Most of our time was spent backing up the North Russian convoys (though not often in the close escort) but still enduring the snow and ice of the Arctic. So it happened that Belfast found herself in the Russian port of Polyarno in the Kola Inlet just before Christmas 1943. On Christmas Eve, by day, a Russian boat arrived alongside Belfast, there was a great clatter up the port gangway, then a Russian officer in a fur cap saluted the Officer of the Watch, announced “From my Admiral to yours” and departed, leaving the OOW with a live reindeer wandering about the quarterdeck!! For a while there was a bit of consternation, then “Port watch of seamen lay aft to secure reindeer” was piped and eventually the poor beast was caught, tethered and lead into the port hangar where it was given a temporary billet and water to drink. Great excitement! That afternoon Bob and I and the other two CW candidates were doing schoolwork at the other end of the port hangar from the reindeer. At this point, the Commander, one Philip Welby-Everard, who was the epitome of the cartoon commander as depicted in the ‘Men Only’ magazine, entered the hangar and advanced on the reindeer. (Up to now he'd missed all the excitement and didn't want to be left out). He stopped quite near the beast with his hands in his jacket pockets and his arms akimbo. This was too much for the poor old reindeer, who broke his tether and treated us lesser mortals to the splendid sight of a Commander RN belting up the hangar with an irate reindeer in full pursuit!!

Shortly after, we put to sea, covering convoy JW 55B, and had the Christmas of 1943 at sea in the Arctic. In company were the cruisers Norfolk (Bob Camplin's old ship) and the Sheffield. Meantime, far to the east, a force including the battleship Duke of York and the cruiser Jamaica. They were at sea because there was strong reason to believe that the German pocket battleship Scharnhorst other units of the German fleet from Norway might be at sea and become a menace to the convoys.



HMS Belfast and crew October 1943

On the morning of Boxing Day, our three cruisers made brief contact with the Scharnhorst and there was an exchange of gunfire and a shell from Norfolk put one of the German's radars out of action. Bob Burnett again put us between the German and her base. Meanwhile to the east Bruce Fraser and the Duke of York was busting his boilers to get into position where he could prevent the Scharnhorst from breaking back to Norway. At midday, our cruiser force again made contact with the German and exchanged fire. This time the Norfolk received two hits, one of which put one of her gun turrets out of action. For the rest of the afternoon we shadowed the German ship at high speed using radar and kept the Commander in Chief, Admiral Sir Bruce Fraser in the picture. Finally, at about 4 p.m. the Duke of York made radar contact with the Scharnhorst and the fight was on.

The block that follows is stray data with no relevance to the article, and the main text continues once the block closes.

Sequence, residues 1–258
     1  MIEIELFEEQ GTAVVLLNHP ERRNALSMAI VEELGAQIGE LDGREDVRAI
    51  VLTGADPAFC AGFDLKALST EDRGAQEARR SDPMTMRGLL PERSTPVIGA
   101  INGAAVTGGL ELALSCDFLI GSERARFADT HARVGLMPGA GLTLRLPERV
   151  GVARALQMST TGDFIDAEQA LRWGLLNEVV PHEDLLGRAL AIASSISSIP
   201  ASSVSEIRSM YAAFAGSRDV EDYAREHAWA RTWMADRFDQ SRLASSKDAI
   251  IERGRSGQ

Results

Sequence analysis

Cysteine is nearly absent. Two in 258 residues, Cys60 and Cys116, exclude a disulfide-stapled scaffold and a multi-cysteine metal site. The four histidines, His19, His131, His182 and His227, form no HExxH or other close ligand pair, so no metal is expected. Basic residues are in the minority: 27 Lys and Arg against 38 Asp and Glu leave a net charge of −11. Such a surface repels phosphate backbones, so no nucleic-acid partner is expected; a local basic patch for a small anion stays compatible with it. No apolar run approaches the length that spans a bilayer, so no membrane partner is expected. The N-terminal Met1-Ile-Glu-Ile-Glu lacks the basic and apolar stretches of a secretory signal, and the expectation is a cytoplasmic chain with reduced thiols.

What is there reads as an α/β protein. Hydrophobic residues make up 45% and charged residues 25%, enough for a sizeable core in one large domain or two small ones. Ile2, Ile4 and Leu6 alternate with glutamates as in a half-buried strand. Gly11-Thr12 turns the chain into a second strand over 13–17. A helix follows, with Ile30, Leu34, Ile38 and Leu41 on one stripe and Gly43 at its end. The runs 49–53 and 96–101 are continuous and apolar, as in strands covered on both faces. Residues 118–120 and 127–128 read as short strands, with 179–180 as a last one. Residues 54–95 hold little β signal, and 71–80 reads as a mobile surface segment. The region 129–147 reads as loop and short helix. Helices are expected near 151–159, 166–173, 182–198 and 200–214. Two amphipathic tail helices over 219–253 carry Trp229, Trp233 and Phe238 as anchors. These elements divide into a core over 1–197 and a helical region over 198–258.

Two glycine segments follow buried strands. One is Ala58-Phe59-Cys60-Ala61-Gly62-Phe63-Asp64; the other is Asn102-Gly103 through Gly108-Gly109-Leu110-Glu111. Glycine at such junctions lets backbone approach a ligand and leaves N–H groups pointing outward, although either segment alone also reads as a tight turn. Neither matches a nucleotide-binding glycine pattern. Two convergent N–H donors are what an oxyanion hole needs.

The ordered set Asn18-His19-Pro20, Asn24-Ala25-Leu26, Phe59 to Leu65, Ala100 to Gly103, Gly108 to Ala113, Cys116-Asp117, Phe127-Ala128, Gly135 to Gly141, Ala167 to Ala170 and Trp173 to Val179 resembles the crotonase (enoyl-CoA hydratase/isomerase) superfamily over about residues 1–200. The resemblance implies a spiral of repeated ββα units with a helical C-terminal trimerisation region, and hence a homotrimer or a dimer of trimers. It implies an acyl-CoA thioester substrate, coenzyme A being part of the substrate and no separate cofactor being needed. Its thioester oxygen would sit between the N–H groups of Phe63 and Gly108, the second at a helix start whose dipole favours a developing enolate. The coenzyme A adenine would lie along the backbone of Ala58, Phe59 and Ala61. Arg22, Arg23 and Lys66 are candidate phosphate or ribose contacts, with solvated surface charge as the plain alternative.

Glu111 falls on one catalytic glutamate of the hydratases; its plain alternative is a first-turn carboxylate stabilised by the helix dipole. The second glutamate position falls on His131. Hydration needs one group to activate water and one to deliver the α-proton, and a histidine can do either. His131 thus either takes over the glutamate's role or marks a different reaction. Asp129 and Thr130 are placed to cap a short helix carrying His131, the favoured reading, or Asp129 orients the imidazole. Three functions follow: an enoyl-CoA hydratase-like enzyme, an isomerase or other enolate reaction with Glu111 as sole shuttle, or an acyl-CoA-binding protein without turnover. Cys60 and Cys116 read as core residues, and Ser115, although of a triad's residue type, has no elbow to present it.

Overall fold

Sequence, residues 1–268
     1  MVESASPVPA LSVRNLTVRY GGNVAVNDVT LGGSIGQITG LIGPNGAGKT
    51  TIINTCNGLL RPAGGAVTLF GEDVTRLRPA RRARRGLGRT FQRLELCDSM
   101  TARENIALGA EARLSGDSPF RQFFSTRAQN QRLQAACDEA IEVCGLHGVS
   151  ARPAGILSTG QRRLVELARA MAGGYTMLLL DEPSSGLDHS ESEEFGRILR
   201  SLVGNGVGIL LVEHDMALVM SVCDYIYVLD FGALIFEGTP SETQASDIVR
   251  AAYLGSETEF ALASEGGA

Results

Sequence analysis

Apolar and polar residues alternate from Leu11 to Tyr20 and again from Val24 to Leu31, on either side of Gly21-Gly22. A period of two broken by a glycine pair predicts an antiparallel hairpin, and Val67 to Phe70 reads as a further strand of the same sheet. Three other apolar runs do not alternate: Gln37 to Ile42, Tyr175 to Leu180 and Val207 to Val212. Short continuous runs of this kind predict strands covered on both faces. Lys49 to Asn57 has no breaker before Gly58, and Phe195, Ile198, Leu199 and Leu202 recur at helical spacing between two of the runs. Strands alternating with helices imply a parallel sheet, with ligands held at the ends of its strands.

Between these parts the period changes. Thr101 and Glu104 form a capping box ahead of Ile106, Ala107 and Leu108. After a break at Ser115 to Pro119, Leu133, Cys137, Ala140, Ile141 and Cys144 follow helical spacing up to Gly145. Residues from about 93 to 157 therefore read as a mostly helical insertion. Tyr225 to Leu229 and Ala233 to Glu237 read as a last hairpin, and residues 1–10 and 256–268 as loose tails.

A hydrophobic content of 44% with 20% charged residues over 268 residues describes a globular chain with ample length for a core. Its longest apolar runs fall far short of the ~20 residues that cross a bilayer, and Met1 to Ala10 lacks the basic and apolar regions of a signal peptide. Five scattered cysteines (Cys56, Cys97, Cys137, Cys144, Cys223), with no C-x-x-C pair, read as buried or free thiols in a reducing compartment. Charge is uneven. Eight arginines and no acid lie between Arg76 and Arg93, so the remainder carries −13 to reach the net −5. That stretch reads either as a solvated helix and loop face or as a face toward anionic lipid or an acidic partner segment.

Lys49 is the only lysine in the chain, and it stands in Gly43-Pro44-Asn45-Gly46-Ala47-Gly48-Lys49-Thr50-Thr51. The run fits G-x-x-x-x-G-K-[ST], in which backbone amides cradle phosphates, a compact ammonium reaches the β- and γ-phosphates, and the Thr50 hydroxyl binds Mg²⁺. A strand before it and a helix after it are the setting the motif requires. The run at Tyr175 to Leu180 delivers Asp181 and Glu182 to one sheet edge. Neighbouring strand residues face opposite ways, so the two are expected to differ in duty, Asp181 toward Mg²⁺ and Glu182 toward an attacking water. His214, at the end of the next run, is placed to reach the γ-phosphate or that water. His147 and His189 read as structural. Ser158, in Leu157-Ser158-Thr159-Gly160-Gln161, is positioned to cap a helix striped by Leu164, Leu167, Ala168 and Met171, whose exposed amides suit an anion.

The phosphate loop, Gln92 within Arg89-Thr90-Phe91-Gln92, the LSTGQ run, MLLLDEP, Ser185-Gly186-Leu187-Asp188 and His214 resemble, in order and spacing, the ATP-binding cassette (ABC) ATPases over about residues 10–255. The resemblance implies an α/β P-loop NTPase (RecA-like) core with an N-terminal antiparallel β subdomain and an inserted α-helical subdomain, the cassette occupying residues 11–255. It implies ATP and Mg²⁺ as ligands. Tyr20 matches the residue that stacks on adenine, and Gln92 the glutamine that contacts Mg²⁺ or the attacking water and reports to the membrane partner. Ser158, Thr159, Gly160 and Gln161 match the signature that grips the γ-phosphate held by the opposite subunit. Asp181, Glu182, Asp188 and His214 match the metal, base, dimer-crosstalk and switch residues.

My recollection of the day was of being called to Action Stations in the morning, then after the midday skirmish feeling the throbbing of huge engines as we steamed at full speed to keep in touch. My action station was on the boat deck standing by one of the Oerlikon guns (not very effective against a battleship!!). There was one moment in the evening when the Scharnhorst burst a salvo of ‘starshell’ above us and as we stood in this eerie light, I remember feeling oh so very exposed waiting for some high explosive to arrive! Apart from a hole in one funnel from a near miss, we were not hit. The final hours were confusing. Destroyers had slowed the German down with torpedo hits, all of us were firing at her as opportunity allowed. Just before the end at about 7 p.m. Jamaica and Belfast made torpedo attacks (none hit) and later the destroyers closed in and finished her off with torpedoes.

Heavily muffled seamen hack the ice from HMS Belfast's forecastle, November 1943

When it was all over there were only 36 German survivors, all ratings, picked up out of a crew of over 1900. Her escort of German destroyers had been ordered back to Norway much earlier in the day.

As so often happens, it is the trivia of life which one so often remembers. After Scharnhorst was confirmed as sunk, the Commander in Chief ordered the traditional "Splice the Mainbrace", in other words, issue all hands with an extra tot of rum. I was under age to draw any rum and so qualified for a free glass of lime juice! It was freezing cold and I was furious!! The other very sad thing was that the terrible crash of 8-inch gunfire drove the poor old reindeer in the port hangar mad and the wretched beast had to be shot.